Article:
Frankly, the stories of making a lot of films are probably more interesting than the films themselves...
        Bonekicker

        Casino Royale being such an example.

        Comment


        • Bonekicker
          Bonekicker commented
          Editing a comment
          Is there a book about Casino Royale? I remember the Medveds covered it for one of their books, but that was relatively brief. I know it was a total mess (certainly onscreen), but a book about the various ways it went horribly wrong would be very interesting. Cleopatra is another one which really could do with a proper book - there are snippets and some very old personal books on it, but not an overview. The documentary on the blu ray is good, but Cleopatra really didnt change Hollywood - the gamblers fallacy always wins.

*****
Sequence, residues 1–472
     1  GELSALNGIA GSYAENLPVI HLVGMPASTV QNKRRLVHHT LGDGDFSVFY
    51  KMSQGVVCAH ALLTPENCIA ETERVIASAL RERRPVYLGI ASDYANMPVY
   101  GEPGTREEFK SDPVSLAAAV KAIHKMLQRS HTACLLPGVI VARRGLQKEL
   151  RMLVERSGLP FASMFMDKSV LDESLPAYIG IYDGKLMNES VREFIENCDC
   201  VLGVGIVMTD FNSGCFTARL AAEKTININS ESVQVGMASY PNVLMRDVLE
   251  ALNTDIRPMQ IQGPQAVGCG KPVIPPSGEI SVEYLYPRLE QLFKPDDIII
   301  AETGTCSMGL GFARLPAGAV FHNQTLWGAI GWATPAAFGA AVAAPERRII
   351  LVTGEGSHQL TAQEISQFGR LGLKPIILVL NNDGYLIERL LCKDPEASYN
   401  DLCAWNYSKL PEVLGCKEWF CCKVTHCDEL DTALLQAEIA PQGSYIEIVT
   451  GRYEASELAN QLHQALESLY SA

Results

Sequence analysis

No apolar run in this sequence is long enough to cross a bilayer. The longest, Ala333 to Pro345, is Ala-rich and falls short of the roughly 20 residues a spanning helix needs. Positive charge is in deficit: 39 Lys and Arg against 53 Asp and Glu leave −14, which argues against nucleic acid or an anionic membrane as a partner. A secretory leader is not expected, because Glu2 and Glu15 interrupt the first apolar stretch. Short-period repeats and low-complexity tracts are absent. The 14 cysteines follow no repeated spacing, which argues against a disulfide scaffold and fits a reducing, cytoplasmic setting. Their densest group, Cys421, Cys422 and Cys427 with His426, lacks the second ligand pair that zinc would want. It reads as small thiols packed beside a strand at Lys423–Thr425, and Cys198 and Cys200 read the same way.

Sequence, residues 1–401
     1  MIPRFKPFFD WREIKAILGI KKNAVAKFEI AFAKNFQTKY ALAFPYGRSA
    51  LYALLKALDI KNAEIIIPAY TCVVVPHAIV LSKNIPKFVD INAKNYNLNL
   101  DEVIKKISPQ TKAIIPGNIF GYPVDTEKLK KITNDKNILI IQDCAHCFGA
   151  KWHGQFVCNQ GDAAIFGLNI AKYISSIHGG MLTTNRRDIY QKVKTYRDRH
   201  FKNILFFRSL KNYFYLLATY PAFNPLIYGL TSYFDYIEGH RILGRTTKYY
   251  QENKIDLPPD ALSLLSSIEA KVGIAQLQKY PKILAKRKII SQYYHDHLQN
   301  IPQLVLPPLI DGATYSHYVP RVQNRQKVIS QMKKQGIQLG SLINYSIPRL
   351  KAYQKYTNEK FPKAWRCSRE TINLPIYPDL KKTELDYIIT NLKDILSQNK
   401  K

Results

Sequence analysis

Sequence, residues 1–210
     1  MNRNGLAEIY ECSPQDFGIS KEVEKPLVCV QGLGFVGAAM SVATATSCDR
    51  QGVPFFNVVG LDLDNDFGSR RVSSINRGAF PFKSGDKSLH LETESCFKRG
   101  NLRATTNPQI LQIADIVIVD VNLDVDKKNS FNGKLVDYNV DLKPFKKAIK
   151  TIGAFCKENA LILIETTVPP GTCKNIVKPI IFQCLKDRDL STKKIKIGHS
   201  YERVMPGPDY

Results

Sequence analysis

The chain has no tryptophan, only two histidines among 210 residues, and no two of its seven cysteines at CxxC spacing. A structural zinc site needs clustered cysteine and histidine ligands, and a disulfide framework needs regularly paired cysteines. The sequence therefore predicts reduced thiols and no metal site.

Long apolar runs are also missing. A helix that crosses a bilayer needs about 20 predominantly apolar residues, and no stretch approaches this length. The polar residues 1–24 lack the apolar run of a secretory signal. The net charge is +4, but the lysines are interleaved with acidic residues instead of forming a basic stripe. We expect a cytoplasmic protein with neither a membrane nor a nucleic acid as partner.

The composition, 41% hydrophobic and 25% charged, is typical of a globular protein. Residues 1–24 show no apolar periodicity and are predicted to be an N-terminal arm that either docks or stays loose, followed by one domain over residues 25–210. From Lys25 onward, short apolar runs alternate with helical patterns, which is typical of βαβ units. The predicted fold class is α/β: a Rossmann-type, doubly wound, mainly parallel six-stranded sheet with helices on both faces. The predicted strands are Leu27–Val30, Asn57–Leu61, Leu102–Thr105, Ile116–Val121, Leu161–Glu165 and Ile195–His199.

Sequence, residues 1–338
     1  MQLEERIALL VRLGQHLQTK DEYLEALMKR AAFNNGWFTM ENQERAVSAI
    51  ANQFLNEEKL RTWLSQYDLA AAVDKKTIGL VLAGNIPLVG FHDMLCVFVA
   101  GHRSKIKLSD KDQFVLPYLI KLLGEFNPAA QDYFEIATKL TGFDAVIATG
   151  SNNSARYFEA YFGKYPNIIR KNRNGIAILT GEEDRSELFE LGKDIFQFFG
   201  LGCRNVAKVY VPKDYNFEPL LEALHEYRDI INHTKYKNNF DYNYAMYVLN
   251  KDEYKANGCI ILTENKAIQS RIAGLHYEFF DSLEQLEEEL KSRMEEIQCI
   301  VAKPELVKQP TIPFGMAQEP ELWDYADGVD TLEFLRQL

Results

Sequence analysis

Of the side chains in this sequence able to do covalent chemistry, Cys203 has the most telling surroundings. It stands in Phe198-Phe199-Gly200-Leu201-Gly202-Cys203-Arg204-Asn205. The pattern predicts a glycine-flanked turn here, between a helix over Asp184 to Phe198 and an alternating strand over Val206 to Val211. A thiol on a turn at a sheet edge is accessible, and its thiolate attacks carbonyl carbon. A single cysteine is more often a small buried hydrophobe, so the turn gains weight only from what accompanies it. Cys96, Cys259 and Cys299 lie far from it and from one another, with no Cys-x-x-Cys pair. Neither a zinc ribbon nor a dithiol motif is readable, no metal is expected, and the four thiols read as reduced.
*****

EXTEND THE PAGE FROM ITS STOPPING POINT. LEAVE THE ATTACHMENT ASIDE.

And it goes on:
There is a book to be written about 1979-1982 - The Wiz, Blues Brothers, Raise the Titanic, Heavens Gate, etc - all the studios had big flops, was there something in the water?

        • Mikey
          Mikey commented
          Editing a comment
          Bonekicker

          Yes, there is book about the production of Charles K Feldman's James Bond spoof Casino Royale called The Making of Casino Royale published in 2015 by Telos Books and I wrote it! The book is still available from Telos Publishing or Amazon.

          It covers the development, setting up and complicated production of the movie.

      • #5
        What a great forum this is! It's a great resource. And here's the trailer for the documentary...

        https://www.youtube.com/watch?v=HvmwKVtGtb8

        It looks great fun. It's playing at Venice. And Medak dealt with LOADS of nutters like Burton, O'Toole and Richard Harris. So maybe Sellers was easy!

        Comment


        • #6